Director Sofia Bohdanowicz found a series of letters written between 1957 and 1964 by her great-grandmother Zofia Bohdanowiczowa (a poet) to the Nobel Prize-nominated author Józef Wittlin at Harvard’s Houghton Library. Both literary figures were forced to leave Poland during World War II with the former heading to Wales and the latter New York City. Zofia would eventually cross the Atlantic into Toronto, the newfound proximity allowing them to finally meet after so much correspondence. You truly get an insight into their minds after being victimized by such a horrible genocide as well as the unwitting loss of freedom their being driven from their homes created. Beyond that priceless personal content, however, Bohdanowicz and filmmaking partner Deragh Campbell also saw the letters’ objective tactility and subjective potential.
The result is the meta-narrative MS Slavic 7 (titled after the collection code housing the works). Campbell plays Audrey Benac, a character these two filmmakers brought to life in two previous films already. She’s rendered as a stand-in for Bohdanowicz with Zofia becoming her fictional great-grandmother. Rather than having the act of research lead Audrey to those letters, they’ve made her the new literary executor of the poet’s estate instead. The position shows her that there might be interest in Zofia’s legacy, the kind that an exhaustive exhibition could satiate after watching her art collect dust for so many years. These messages could very well be the project’s cornerstone being that they were written at such an indelible moment in her life. They could provide crucial historical information.
What does this journey entail? There’s the mundanely rote maneuvers of finding a hotel, making coffee, and entering Harvard with the intent to set her eyes upon the physical memos. There’s the quietly meticulous note taking and objectification of the artifacts themselves as well as the interpretive analysis of what’s read and touched behind closed doors. Before all that, though, is the unsurprisingly arduous process of actually knowing where they reside in the first place. So Bohdanowicz and Campbell structure their film as a three-day cycle of events moving from process-oriented actions to intellectualization to a flashbacked encounter with Audrey’s Aunt Ania (Elizabeth Rucker) that transitions from difficult to impossible. The first two-thirds of each day present artistic merit while the last third supplies petty familial politics.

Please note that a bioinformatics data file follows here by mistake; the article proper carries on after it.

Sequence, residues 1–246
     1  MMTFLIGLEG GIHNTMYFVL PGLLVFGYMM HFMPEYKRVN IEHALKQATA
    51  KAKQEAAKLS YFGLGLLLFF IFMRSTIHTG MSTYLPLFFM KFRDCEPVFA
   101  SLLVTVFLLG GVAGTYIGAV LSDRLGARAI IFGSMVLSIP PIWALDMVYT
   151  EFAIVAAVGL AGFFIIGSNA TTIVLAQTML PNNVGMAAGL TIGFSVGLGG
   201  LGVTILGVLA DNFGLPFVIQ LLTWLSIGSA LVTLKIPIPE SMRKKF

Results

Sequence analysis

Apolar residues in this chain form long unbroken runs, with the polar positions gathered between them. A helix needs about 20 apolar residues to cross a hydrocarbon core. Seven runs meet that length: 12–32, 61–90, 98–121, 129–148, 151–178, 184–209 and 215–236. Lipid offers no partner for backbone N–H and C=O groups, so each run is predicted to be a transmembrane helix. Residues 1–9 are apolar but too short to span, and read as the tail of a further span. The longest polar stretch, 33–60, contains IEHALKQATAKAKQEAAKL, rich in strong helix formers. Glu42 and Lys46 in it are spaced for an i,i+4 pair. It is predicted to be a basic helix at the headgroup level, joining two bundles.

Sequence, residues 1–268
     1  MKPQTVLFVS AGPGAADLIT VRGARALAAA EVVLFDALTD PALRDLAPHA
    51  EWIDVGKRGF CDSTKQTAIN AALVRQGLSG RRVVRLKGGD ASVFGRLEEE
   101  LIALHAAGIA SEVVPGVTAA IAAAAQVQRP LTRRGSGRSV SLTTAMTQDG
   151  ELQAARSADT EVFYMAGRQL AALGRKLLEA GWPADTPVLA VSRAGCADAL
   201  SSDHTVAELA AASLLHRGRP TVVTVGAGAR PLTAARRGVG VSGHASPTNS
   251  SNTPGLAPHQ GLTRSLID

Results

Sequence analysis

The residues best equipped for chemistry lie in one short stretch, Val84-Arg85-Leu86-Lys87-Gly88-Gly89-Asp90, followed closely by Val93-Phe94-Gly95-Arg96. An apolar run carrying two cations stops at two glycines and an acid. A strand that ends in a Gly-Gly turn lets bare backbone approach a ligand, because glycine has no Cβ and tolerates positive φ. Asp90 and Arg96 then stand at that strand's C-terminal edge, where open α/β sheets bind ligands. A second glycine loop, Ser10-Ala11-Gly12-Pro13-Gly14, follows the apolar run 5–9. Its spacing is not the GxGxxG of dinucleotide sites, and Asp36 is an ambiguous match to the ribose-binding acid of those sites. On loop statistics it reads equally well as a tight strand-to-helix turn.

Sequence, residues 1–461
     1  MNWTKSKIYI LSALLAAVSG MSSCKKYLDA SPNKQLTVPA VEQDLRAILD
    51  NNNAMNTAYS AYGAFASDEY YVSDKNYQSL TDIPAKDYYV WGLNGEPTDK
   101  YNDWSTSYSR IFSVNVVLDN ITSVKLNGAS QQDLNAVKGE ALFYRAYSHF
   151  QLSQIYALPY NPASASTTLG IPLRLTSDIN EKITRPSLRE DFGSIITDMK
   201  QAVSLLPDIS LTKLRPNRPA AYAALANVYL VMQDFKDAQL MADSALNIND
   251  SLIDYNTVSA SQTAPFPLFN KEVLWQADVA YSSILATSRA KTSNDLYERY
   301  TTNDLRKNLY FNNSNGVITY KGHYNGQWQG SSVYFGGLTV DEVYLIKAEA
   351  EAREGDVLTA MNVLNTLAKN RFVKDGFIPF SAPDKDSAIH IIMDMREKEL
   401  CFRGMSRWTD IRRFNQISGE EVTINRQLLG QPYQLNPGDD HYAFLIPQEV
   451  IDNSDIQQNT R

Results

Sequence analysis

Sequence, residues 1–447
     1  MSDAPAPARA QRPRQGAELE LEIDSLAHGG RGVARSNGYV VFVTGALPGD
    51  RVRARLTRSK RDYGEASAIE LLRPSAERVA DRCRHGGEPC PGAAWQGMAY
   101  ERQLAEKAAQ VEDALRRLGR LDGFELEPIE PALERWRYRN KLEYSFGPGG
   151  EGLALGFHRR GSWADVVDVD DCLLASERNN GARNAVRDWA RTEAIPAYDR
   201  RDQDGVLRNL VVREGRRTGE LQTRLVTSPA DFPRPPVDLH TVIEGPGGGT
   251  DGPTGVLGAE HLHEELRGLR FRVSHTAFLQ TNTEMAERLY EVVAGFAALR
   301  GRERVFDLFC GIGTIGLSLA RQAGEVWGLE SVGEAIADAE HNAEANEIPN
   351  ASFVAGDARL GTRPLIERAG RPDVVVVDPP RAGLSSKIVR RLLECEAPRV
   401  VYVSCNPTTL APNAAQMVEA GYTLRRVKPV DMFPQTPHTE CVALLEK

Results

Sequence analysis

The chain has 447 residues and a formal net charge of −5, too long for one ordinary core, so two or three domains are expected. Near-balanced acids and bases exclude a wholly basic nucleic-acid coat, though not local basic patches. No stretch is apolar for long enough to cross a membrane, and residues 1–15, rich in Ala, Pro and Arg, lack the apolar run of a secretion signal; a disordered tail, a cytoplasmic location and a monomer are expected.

Those first two-thirds also lend a quasi-documentary feel with Campbell experiencing the letters for the first time through the lens of Audrey. We’re watching her handle them with the delicacy forced upon her by an archivist doctrine and the intrigue of a researcher delving into a treasure trove of the unknown. Bohdanowicz moves from Audrey at the desk to static frames of the letters themselves with high-resolution clarity and the occasional textual subtitle. These moments are silent save ambient noise (as much of the whole is save those interludes blaring Johann Sebastian Bach), the experience of being in that room brought into the theater itself. The analytical monologues spanning emotional impact and the almost detached physicality of the materials themselves then follow, each born straight from those sessions.
It’s only the flashbacks then that remind us we’re watching a fictionalized drama. This is before the letters claim their autonomy to exist as documents and thus still merely an abstract extension of ownership. Questions of who can claim them are brought to the surface on sentimental and legal grounds. Does Ania have a stronger case because of age, proximity, and accessibility? Or does Audrey being that her grandmother willed her the executor status of Zofia’s literature? When one desires to let the art be housed by an impartial third party for the world to see privately (if they even know it’s available to be seen) and the other seeks control to place a much wider public spotlight upon it, the answers to these queries become critical.
What’s interesting about the film itself, however, isn’t whether or not they’re asked or answered. The dramatic and philosophical ruminations stemming from the work within the work is fascinating and Bohdanowicz using this lens to expose it is a unique solution, but it’s just one layer. While that takes center stage for a good four/fifths of the sixty-minute runtime, the last fifth turns our attention squarely onto Audrey. No longer is she merely our entry-point into an academic endeavor. From out of nowhere she suddenly becomes the true star with impulses moving beyond the art. Where objectivity used to rule the day, one cut to a bed colors everything in a new light. So attuned to letters from the past, we’ve forgotten the actual life being lived today.
Is it enough to vault MS Slavic 7 above its initial utility? Maybe. Those uninterested in cinema’s experimental and formal qualities probably won’t find themselves sitting down to be disappointed or bored by its very insular nature anyway. So those seeking it out will be the ones with the desire to embrace its unorthodox narrative style and subtle progressions. The dramatic scenes between Audrey and Ania are often too broadly performed to not stick out when compared to the otherwise sedate pacing and aesthetic, but they do earn that jolt by proving important enough to overshadow the rest. These two women ultimately turn Zofia’s legacy into a product and thus commoditize their ancestry. They make it so those letters possess meaning through literalism, artistic intent, and posthumous value.
MS Slavic 7 premiered at the Berlin Film Festival.
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